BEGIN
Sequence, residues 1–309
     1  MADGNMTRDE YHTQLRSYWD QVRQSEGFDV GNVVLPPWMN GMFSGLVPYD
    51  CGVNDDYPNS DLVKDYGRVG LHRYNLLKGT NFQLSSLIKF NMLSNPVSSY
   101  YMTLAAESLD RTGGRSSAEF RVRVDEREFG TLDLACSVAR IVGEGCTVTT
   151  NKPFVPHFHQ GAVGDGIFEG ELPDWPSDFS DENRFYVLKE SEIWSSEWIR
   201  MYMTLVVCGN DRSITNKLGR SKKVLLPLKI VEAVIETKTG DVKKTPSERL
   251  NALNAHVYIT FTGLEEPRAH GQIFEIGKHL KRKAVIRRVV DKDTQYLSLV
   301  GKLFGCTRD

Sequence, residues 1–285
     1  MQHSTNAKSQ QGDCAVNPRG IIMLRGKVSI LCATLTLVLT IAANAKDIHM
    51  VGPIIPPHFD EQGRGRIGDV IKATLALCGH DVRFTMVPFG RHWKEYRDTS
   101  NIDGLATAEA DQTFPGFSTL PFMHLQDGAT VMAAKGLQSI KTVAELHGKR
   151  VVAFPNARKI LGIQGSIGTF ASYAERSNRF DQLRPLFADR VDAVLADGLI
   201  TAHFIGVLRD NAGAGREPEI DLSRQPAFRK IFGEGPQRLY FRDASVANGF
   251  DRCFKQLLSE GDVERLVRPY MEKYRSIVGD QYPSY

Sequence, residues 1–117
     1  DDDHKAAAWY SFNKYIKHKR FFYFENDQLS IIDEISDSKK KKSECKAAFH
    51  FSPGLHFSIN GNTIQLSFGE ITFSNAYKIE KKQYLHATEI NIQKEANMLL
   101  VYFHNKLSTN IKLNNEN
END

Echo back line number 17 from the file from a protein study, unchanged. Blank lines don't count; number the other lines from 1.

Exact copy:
     1  DDDHKAAAWY SFNKYIKHKR FFYFENDQLS IIDEISDSKK KKSECKAAFH